Sarkisian’s RICO suit noted that Mark Tornetta — the University of Pennsylvania-trained engineer who was awarded the mapping patents — in 1998 and 1999 filed four patent infringement cases against Microsoft, Mapquest and Cyberhomes.com operator Moore U.S.A. Two of the suits were quickly dismissed, and the others were dropped when the defendants were not served with complaints.

Following a period of almost five years in which Tornetta allegedly "took no steps to enforce the patents," REAL’s owners "explored other avenues for reaping profits," Sarkisian’s lawyers said. These avenues allegedly included failed attempts to sell licenses to associations, agencies, and Realtor.com’s operator at the time, Homestore.com.

Tornetta also unsuccessfully attempted to convince NAR to purchase a "blanket license" for the entire real estate industry, Sarkisian’s RICO suit alleged.

After their "consistent failures in trying to extract money from sophisticated corporate entities," REAL switched to a "bottom up approach," Sarkisian’s complaint said, targeting "individual real estate agents, who cannot afford to employ patent counsel or to fight expensive patent lawsuits."

REAL sent letters to at least 12 agents, the RICO complaint said, offering licenses for $10,000. The strategy, Sarkisian’s lawyers said, was "built on the premise that it will cost individual real estate agents less money to take a license than to hire a patent attorney."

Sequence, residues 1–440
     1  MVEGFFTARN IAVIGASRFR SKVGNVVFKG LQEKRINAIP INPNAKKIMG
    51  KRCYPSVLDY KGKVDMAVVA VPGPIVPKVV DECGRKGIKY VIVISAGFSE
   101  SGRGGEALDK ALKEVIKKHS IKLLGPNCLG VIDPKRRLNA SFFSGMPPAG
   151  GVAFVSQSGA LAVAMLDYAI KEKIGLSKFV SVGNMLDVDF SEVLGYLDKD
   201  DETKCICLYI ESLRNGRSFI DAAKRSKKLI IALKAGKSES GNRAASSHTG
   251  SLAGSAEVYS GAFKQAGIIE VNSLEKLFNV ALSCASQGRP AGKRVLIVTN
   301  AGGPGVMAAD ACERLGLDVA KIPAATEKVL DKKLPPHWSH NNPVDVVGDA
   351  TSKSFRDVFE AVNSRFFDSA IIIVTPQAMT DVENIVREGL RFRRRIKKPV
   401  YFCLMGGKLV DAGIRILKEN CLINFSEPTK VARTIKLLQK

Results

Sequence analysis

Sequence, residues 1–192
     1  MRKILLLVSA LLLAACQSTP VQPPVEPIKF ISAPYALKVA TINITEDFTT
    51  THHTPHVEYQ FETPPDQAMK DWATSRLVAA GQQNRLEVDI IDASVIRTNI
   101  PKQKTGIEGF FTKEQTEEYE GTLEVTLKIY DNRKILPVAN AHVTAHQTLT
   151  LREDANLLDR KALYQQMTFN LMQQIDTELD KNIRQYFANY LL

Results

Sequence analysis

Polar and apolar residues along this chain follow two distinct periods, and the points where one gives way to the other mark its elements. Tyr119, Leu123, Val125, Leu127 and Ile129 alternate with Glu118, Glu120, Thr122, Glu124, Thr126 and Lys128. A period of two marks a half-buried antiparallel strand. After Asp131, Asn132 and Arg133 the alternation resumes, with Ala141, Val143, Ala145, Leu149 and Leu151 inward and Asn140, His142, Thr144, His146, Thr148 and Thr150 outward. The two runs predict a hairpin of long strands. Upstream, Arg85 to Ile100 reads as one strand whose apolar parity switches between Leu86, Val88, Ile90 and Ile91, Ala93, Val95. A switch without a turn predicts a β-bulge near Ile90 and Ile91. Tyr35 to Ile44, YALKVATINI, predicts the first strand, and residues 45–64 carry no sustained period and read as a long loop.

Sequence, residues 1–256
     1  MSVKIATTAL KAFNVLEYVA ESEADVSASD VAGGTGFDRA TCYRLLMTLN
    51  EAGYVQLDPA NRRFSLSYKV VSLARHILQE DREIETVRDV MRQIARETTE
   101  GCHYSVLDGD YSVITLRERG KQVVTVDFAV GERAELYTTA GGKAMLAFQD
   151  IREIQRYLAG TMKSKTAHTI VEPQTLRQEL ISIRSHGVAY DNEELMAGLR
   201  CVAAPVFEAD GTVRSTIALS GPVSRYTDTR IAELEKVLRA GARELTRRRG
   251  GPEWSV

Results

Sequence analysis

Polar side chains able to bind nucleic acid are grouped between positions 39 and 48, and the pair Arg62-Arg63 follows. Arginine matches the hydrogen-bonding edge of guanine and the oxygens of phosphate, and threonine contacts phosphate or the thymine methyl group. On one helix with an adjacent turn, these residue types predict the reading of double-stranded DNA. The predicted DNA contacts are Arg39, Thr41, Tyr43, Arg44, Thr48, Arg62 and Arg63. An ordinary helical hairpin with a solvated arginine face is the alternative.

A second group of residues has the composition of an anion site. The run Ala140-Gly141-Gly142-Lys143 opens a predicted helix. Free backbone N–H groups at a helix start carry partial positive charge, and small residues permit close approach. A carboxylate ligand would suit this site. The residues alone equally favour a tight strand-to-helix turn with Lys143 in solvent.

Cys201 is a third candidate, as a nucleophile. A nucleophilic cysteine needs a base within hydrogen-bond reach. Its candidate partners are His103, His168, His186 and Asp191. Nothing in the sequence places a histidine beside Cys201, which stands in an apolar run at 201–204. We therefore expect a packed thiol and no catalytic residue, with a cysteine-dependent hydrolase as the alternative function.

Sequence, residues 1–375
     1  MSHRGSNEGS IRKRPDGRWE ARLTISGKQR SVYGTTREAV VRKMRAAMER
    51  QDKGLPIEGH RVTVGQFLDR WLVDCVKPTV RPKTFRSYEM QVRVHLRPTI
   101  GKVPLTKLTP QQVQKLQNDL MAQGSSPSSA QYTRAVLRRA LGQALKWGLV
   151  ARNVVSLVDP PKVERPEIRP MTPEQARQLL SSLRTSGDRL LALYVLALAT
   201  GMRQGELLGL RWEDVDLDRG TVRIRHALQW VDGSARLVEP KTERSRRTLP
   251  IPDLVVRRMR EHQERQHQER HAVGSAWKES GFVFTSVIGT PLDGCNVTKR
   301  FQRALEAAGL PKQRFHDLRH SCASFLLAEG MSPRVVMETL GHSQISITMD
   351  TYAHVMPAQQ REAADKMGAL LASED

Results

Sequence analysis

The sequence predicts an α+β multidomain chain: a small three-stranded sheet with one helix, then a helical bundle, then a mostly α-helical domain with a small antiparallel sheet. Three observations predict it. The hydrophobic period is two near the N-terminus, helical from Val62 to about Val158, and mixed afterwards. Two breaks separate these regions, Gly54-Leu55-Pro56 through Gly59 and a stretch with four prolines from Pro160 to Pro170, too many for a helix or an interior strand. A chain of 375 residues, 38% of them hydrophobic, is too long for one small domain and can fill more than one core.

Attorneys for the defendants denied the allegations, and that case has also been stayed pending the outcome of Move’s lawsuit against REAL in California.

Tatro’s attorneys said the claims in Sarkisian’s RICO suit were "a response to a third party’s suit to prevent infringement of a patent" and that the RICO act "does not apply to parties attempting to enforce a patent" or to third parties such as Equias and Tatro who would benefit from such enforcement.

In July 2008, REAL and Tornetta announced they had reached a confidential legal settlement with a Manhattan Beach, Calif., real estate agent Robert Freedman.

Freedman issued a statement critical of NAR when the settlement was announced, saying the group had "made a serious mistake" and was spending money "wastefully without our full knowledge if not our full agreement" to fight REAL’s patent claims. A NAR spokesman said at the time that the group disputed many of the points made by Freedman.